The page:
Source and Sink🔗

Solver and experiment:🔗

Same setup as in Turbine Simulation results

Simulation results🔗

Dynamic response to decreasing inlet enthalpy of primary fluid🔗

  • Check the option “use_Th_in” in the “source
  • Add a ramp into the canvas: BraytonCycle.Component.Others.Ramp
  • Rename “Ramp” to “T_in_ramp
  • Parameterization of “T_in_ramp” and connect it to “source

  • After connection

  • Set experiment stop time = 500 s.

  • Dynamic results: Decreasing temperature input from 707.15 K to 607.15 K affects the temperatures of primary and secondary fluid exiting the heat exchanger.

Open loop test🔗

This step aims at assembling most of the components that describe the full Brayton cycle but without recirculating the working fluid. Apart from the previously tested components (turbine, heat exchanger, compressor), a heater and cooler need to be added. The combination of an external heat source and a volume is used to describe an ideal heat addition or removal. At some point, this could also be replaced by heat exchanger models but this is not done in the tutorial. Simple friction models are also used to describe the pressure losses in the system, but also to avoid the numerical issues mentioned earlier.

Create an OpenLoop sub-package inside TestBench🔗

Copy the parameterized components from the TestBench models🔗

  • GT connected with GTGenerator from
  • GT connected with GTGenerator from
  • HEX from

Add components to the canvas🔗

  • 2 Volume:
  • 2 HeatSource:
  • 2 Friction:
  • Multiple sensor:
  • Multiple visualizer:

Rename components🔗

  • Heater/Cooler
  • HeatSouce/HeatSink
  • Friction1/Friction2

Connect components🔗


Heater and Cooler🔗

  • Volume model with heat source is used as heater and cooler, depending on the heat is provided or extracted.
  • Volumes:

  • HeatSource and HeatSink: Negative value of Q_flow means extracting the heat, and positive means providing the heat. openloopheatsource

Solver and experiment:🔗

Same setup as in Turbine Simulation results

Simulation results🔗

Step 4: Build the complete Brayton cycle power plant🔗

To have a complete Brayton cycle, the sources and sinks in the test bench OpenLoop are removed, the outlet of “Friction1” is connected to the inlet of “GT”, and the outlet of “Friction2” is connected to the inlet of “CPR”. Simple PI controllers have been added to control the heater/cooler and maintain the working fluid temperatures at their target values.

Add Components to the canvas🔗

  • 2 LimPID: Modelon.Blocks.Control.LimPID.
  • 4 Real input: Modelica.Blocks.Sources.RealExpression

Rename components🔗

  • limPID1/limPID2
  • T_GT_sp/T_GT_m/T_CPR_sp/T_CPR_m

Connect components🔗

Remove the sources and sinks, connect the components, and close the loop.


  • HeatSource and HeatSink:
    • Check the “paraOption_Q_flow”, thus the Q_flow to the heat source can be manipulated by the PI controllers.

  • Controllers: the heat is controlled by PI controllers to maintain the temperatures of the fluid entering the compressor ”CPR” and turbine ”GT”, respectively.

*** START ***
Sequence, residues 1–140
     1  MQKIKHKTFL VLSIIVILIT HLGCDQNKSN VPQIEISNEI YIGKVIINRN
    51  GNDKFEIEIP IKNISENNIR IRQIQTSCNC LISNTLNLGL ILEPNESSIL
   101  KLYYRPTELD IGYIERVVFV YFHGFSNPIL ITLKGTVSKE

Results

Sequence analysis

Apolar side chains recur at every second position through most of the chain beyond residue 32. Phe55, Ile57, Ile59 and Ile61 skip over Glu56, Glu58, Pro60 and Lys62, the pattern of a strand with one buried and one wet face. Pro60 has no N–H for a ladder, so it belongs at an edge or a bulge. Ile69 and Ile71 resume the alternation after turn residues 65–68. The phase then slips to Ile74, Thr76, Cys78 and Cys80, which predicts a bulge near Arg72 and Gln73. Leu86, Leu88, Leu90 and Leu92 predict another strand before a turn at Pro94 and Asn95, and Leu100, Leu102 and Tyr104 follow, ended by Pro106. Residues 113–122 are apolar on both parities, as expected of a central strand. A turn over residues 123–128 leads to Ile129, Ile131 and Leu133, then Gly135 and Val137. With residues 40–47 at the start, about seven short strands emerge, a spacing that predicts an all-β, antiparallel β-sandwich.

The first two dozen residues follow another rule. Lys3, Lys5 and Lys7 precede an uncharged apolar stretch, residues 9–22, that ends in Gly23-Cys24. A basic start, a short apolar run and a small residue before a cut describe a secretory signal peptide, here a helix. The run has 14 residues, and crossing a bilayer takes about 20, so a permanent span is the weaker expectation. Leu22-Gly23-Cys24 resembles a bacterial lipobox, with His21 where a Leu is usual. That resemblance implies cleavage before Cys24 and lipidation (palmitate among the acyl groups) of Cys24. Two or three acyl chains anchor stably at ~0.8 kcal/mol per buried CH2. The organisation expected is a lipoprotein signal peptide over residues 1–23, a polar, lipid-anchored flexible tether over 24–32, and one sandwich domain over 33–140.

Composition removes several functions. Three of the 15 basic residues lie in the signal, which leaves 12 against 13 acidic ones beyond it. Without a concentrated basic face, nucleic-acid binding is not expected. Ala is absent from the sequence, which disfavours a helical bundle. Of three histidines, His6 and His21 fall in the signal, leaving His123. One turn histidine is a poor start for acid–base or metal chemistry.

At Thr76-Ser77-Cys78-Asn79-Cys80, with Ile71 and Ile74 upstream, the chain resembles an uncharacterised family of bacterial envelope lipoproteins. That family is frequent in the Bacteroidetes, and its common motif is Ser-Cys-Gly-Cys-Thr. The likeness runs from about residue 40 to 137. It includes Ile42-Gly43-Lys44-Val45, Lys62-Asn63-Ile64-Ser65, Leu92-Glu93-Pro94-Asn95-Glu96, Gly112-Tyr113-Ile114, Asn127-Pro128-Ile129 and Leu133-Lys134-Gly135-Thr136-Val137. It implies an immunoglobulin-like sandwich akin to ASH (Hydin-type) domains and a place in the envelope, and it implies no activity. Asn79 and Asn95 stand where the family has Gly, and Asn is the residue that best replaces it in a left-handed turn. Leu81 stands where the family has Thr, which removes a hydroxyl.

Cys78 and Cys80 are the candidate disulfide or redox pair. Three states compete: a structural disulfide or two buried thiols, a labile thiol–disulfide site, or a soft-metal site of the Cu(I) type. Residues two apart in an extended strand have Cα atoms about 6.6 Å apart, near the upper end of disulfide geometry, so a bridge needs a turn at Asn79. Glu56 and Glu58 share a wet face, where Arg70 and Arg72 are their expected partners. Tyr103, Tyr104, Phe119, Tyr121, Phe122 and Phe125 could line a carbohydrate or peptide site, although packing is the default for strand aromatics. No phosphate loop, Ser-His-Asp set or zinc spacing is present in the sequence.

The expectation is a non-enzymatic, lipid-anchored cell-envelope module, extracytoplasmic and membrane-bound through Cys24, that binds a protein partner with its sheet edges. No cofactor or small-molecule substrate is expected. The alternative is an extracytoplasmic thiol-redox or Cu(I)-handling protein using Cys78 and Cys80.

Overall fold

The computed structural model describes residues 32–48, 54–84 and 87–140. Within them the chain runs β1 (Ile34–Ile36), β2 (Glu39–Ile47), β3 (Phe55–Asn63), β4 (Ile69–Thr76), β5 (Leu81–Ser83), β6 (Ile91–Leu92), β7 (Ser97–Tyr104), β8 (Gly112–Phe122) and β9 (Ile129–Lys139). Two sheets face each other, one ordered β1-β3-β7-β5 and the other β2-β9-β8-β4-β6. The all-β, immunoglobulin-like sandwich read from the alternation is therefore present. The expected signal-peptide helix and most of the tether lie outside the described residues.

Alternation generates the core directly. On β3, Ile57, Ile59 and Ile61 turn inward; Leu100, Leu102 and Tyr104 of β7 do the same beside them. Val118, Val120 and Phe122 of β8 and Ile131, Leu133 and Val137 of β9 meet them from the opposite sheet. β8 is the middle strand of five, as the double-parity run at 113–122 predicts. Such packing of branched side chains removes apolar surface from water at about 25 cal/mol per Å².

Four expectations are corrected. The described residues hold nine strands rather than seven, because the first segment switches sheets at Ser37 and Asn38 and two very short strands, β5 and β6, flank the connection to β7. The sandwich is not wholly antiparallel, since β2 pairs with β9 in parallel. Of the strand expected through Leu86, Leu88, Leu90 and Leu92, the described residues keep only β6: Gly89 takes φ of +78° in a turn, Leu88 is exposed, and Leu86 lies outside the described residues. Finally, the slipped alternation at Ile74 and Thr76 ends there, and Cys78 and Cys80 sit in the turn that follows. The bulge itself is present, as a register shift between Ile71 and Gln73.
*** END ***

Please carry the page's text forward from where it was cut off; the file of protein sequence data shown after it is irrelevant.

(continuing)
• LimPID1

  • LimPID2

Solver and experiment🔗

Same setup as in Turbine Simulation results

Simulation results🔗

First assessment of the closed-loop response🔗

Verify that the temperature at the turbine and compressor inlet is well stabilized using the newly introduced controllers. Some deviations in the cycle mass flow rate and the pressure levels can however be found

  • the target mass flow rate is 140 kg/s, while the system mass flow rate is only ~126 kg/s.
  • the low-pressure side is around 69 bar and the high pressure is at 314 bar, while the system pressures define by the nominal data are 70 bar and 274 bar.

The compressor speed has a significant impact on the system mass flow rate and pressures and it can be adjusted for a better match. Increase the compressor nominal speed ”w_nom” in ”CPRGenerator” from 7854 rad/s to 9000 rad/s and re-simulate the system model.

The mass flow rate is now more consistent with the nominal data but some deviation in the compressor outlet pressure can still be seen. The compressor map would need to be further adjusted for a better match.

Dynamic response to gas turbine inlet temperature change (T_GT_sp)🔗

  • Add the ramp to the canvas

  • Rename it to: T_GT_sp_ramp
  • Disconnect T_GT_sp and connect T_GT_sp_ramp to limPID1

  • Set the stop time as 500 s
  • Dynamic results: increasing T_GT_sp (Plot 1: GT summary.T_in) results in
    • increasing pressure of fluid exiting the compressor (Plot 2)
    • higher power generated by the turbine and higher power consumed by the compressor (Plot 3)
    • higher system mass flow rate (Plot 4)


  • Replaceable component model for tests of different component variants
    • Example: replaceable turbine

  • Propagate the fluid model to make sure the same fluid model is used throughout the system
  • Make sure the hollow and filled connectors alternate to avoid numerical issues
  • Parameterize all the components in the test bench models to reach the targeted T, P, m, h and before using them in the system model.
  • Inspect the transients in the test bench models and adapt initial values if needed. Even the component geometry (ex: total heat exchange mass) will affect the transients.
  • Multiple-sensor and visualization displays enable quick results assessment